Gernot Windfuhr

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Gernot W.

Professor Emeritus of Iranian Studies

  • About

    Fields of Study
    Iranian Studies, Linguistics, Literature, Religion

    Professor Windfuhr’s linguistic work on Persian as well as Iranian linguistics, including dialectology and diachrony, is framed by two milestones in the field: the first descriptive and analytical survey of the linguistic study of Persian (1979), and most recently the edition of the comprehensive synchronic analyses and descriptions of Old, Middle and New Iranian languages, the first to include the complex syntax of these languages (2009). Theoretically, his work includes the development of a general three-dimensional model for the comparative mapping of the dynamics of aspect-mood-tense systems (first 1986). Areally, it includes the dynamics of Turkic-Iranian linguistic symbiosis. Didactically, it includes the production of an innovative three-level textbook series of Modern Persian (1979-1982).

    His work on Modern and Classical Persian literature began with then current structuralist approaches and turned to the inclusion of modern literary theories. Particularly for pre-modern literature he increasingly focused on the indigenous medieval poetics and the dialectics of the codified cognitive networks of a divinely ordered universe that they reflect, including cosmology and the esoteric sciences such as numerology and horoscopy and the art of riddling (examples rediscovered even in well known literary passages from the Shahname onwards).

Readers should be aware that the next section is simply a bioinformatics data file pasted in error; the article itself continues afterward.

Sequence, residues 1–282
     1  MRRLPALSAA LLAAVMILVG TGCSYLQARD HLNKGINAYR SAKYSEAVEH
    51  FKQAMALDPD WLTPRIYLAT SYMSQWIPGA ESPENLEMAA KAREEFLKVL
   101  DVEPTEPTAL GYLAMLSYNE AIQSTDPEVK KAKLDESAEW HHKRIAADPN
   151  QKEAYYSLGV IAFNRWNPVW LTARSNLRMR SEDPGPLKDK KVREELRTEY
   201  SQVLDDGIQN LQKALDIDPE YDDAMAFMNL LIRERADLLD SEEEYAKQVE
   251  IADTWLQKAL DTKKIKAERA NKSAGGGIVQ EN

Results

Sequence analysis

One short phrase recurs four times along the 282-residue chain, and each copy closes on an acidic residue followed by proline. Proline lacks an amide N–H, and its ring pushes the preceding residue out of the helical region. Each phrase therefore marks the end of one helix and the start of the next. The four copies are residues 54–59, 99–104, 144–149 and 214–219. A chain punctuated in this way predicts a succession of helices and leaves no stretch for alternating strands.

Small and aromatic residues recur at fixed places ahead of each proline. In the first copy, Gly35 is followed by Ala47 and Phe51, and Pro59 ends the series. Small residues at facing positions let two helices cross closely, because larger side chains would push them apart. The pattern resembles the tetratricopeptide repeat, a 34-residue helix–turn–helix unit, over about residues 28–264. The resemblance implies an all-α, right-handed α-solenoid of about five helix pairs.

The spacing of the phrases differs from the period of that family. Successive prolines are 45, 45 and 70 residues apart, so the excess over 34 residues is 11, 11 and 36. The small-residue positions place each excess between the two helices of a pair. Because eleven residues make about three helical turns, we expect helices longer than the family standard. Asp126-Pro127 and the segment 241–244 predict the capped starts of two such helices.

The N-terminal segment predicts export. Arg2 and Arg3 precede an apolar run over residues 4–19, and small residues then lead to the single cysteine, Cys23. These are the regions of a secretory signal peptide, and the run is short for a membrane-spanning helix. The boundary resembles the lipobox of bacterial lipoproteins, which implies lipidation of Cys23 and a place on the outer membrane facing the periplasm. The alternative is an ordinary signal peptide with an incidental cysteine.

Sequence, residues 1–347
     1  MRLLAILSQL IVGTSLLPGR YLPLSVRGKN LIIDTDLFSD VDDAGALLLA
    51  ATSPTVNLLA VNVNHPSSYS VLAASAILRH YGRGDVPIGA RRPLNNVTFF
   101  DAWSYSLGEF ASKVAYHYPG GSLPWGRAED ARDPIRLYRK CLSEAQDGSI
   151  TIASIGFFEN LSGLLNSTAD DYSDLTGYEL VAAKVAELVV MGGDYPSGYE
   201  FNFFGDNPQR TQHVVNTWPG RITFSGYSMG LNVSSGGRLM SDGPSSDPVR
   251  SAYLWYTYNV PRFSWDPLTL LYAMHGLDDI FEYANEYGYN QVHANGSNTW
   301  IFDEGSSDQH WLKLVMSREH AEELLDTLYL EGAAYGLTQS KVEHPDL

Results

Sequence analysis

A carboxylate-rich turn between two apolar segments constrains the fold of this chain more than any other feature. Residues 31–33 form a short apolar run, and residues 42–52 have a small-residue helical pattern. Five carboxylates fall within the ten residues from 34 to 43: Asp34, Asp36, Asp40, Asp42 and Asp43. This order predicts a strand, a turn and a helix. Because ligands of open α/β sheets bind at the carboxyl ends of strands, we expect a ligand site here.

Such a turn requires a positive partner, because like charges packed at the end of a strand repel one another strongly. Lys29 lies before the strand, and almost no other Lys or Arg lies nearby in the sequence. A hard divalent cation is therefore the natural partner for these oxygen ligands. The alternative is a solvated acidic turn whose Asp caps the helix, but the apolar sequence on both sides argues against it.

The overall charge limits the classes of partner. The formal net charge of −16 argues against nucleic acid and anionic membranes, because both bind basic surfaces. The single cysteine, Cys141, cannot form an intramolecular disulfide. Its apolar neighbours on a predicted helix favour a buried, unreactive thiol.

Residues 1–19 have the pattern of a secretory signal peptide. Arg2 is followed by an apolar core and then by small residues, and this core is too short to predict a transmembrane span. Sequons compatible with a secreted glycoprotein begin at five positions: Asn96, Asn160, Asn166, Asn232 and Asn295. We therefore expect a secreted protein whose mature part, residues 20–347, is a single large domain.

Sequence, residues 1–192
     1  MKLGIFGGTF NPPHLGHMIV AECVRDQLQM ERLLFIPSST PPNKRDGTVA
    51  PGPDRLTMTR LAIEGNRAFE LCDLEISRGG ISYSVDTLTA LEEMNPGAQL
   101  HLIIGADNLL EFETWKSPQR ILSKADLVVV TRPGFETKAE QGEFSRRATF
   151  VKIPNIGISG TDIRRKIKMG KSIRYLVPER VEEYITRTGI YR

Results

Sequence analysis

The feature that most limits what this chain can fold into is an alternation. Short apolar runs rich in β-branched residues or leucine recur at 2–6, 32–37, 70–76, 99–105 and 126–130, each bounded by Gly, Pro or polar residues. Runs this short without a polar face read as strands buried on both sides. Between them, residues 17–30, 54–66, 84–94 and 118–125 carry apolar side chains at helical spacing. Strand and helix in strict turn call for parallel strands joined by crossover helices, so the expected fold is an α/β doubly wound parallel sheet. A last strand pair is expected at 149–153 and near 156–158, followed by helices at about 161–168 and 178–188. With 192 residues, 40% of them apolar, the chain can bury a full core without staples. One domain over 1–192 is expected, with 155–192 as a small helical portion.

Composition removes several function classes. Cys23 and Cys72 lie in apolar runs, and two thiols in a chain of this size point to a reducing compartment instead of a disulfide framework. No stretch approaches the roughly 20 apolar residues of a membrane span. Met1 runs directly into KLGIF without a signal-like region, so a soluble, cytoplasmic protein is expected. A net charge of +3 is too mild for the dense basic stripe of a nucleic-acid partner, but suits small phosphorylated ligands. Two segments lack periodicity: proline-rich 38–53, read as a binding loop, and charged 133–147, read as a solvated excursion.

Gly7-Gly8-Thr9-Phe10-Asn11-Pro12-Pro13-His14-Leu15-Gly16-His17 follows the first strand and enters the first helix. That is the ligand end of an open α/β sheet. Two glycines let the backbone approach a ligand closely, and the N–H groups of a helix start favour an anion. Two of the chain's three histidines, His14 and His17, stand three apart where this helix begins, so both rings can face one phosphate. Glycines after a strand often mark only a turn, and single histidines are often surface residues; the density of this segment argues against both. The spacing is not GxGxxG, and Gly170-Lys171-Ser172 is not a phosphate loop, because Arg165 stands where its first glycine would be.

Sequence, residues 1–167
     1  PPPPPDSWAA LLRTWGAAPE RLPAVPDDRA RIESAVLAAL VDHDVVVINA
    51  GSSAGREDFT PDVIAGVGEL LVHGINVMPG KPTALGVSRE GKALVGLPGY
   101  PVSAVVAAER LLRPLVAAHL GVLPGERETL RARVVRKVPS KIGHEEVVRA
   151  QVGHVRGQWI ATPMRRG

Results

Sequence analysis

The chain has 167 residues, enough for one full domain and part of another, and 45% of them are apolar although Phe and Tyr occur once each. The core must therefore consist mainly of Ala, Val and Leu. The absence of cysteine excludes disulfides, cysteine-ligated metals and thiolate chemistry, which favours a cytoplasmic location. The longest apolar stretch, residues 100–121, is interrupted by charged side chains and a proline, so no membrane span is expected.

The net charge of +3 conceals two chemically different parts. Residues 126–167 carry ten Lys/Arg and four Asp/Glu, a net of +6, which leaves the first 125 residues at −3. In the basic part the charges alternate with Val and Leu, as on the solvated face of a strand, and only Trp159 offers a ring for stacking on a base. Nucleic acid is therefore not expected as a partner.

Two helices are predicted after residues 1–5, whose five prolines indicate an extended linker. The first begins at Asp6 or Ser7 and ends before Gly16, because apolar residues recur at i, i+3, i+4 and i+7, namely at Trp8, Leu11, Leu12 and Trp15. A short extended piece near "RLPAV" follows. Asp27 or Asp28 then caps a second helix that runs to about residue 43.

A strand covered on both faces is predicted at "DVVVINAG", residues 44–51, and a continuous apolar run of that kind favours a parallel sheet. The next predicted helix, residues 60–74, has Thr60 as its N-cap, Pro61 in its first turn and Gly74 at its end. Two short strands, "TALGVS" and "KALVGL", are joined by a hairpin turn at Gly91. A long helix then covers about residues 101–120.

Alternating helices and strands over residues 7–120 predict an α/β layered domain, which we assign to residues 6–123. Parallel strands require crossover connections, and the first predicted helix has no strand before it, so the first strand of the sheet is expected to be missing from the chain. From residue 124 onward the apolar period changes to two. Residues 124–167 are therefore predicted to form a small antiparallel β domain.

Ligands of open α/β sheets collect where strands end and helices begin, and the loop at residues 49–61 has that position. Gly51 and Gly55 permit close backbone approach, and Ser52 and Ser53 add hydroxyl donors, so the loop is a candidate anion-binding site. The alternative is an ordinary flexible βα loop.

His work on religion includes Zoroastrianism, the Roman Mithraic Mysteries, and Manichaeism, with a major thrust on the Iranian world view preceding Islam. His focus has been on the recovery of Zoroastrian cosmology and metaphysics, and the origins and possible influences of that matrix. He demonstrated the existence of a fundamental underlying the chiastic dialectics, as well as the sacred geometry encoded not only in the Zoroastrian calendar (introduced by the Achaemenids and continued today), but also in the homologuous Zoroastrian ritual precinct. His work also includes the tracing of Zoroastrian sources for Mozart’s esoteric opera The Magic Flute.

    His comparative studies include the demonstration of the close similarity between the Zoroastrian and the Chinese Taoist ritual, and the recognition of the common lineage of the iconography of a mid-fourth century BCE Sarmatian burial in the Southern Urals to Iranian cosmology, showing that both are part of ancient Anatolian and Eurasian traditions of representing TIME.

    Gernot Windfuhr CV